Our clients know their industry inside out; they know who their competitors are, they know their products, what sells, what doesn’t. Unless you have dealt with a client in that niche before, you won’t. So it really pays to get to know their industry – I’m not just talking keyword research, but who are their competitors? Why are they not performing as well as them? What is the seasonality of the industry? What can you as an ‘outsider’ learn about it that your client may not realise?
Whether the client is a one-man band or a huge corporation, by enlisting your services they are placing trust in your agency and you as an individual. It’s vital then for us as SEOs to remember that our clients successes and failures equate to more than just stats in Google Analytics or rankings reports – they are very real losses and gains that in the case of many small businesses can make the difference between continuing to trade and going under.
Which isn’t to say we need to take on the weight of the world; there’s always going to be factors outside our control (thanks Penguin!) which determine the success of the campaign. Ultimately though as SEOs we need to remember that we’re being entrusted by a client to put the maximum effort in with them no matter how small or large the business they’re giving us. Any client will expect ‘good’ service; what we should all strive for (both as general good practice and to maintain the reputation of the industry) is to provide ‘excellent’ service – that is to deliver more than what the client expects. This doesn’t mean ‘scope creep’ and spending more time than what they’re paying us for – it does mean going outside of the routine and easy; it means taking the time to know the client and their industry; and it means caring about the results you achieve – not just to inflate your ego but because you should care about that client’s business.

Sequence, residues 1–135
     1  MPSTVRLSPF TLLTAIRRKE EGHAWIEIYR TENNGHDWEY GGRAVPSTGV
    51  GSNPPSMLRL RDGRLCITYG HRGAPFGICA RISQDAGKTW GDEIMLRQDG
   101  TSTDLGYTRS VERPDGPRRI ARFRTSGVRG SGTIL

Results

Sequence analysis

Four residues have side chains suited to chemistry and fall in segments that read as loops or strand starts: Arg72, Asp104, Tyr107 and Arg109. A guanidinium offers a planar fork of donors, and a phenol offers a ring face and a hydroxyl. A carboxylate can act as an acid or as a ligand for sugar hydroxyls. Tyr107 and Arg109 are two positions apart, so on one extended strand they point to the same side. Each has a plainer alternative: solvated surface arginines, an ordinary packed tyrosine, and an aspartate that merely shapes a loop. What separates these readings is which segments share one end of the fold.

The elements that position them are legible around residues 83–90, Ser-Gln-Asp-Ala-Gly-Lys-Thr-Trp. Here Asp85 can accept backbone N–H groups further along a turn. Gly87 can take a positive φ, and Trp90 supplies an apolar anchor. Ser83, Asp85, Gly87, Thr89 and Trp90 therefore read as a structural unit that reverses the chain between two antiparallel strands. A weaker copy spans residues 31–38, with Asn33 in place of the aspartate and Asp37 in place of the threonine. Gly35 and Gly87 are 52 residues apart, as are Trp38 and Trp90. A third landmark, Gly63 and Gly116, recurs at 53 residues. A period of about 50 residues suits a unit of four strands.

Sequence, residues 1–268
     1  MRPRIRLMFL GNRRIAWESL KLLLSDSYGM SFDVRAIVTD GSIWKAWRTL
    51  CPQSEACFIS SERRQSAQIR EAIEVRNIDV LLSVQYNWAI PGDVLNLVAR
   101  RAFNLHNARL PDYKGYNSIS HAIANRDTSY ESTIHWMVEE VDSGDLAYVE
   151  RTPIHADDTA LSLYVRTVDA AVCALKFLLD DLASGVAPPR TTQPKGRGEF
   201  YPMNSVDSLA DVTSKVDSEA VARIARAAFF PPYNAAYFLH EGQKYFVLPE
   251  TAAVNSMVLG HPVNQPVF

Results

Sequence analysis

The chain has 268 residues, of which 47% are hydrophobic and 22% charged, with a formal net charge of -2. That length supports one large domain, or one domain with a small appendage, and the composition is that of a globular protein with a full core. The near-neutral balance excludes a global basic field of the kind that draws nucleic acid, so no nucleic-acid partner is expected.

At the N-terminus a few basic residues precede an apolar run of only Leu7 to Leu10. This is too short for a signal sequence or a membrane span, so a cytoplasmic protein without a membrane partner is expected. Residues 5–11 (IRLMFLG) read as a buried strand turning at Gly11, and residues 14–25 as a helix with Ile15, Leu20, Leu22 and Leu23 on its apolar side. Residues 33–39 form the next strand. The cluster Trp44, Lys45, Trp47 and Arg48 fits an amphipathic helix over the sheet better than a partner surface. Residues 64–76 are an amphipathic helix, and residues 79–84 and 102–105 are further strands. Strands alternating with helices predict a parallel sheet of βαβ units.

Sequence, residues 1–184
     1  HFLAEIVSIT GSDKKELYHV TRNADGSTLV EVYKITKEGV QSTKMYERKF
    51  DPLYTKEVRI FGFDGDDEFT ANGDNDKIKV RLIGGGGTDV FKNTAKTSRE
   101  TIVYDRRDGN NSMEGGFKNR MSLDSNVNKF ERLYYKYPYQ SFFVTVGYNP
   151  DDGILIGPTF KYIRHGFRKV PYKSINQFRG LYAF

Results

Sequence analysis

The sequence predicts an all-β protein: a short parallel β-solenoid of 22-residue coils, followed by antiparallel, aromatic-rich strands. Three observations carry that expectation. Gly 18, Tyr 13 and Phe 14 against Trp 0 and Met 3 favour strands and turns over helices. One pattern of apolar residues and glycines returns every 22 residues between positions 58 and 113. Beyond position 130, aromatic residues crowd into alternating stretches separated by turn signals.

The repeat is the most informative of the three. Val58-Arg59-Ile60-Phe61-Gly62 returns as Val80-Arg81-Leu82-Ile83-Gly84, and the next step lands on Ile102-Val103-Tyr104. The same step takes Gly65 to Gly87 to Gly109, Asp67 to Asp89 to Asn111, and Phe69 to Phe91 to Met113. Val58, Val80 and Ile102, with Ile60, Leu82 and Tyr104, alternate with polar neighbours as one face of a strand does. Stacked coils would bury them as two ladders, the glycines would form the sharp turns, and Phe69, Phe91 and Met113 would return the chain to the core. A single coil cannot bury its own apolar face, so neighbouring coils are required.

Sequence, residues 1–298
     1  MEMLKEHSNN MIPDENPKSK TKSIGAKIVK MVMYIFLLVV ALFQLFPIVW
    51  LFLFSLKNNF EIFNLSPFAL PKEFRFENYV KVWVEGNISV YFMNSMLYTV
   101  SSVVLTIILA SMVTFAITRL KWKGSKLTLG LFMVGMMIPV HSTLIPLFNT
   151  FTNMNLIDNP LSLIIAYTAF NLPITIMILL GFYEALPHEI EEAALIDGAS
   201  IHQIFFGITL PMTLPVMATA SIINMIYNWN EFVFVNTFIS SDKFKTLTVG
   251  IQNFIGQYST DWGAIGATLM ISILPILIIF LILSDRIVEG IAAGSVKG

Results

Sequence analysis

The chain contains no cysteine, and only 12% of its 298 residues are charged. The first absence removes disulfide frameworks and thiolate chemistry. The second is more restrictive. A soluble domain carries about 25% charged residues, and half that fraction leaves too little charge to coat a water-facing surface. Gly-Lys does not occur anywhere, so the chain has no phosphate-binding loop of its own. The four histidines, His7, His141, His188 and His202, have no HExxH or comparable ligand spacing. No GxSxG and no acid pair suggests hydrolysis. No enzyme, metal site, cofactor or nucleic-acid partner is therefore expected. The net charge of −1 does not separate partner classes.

I’ll confess, this is an area I struggle with. ‘Going the extra mile’ and giving your client a truly excellent service is admirable and something we should always strive towards. However, there comes a time where you have to draw a line – either because you’ve used up the time the client is paying you for each month (and thus you’re risking leeching into the time of another client), or because you’re blurring the lines of what you’re being paid for.
If you continually do this, you risk the client assuming that this is the norm (and thus feeling let down when you don’t do it in future). There’s also the risk that you become SEO, web developer, designer and general all-round marketer all in one. Whilst there’s an element of all of these things in what we do, we can’t dilute the key part of what we’re being paid for. The client came to us originally for SEO-related goals – be that better rankings, better traffic, or whatever; we need to keep that in sight at all times whilst also maintaining a degree of flexibility.
OK so in summary, what we all want is for our clients to be happy and of course for the SEO campaign to succeed. How do we
Over to you then – what are your secrets for making your clients happy? What stories of success or failure do you have?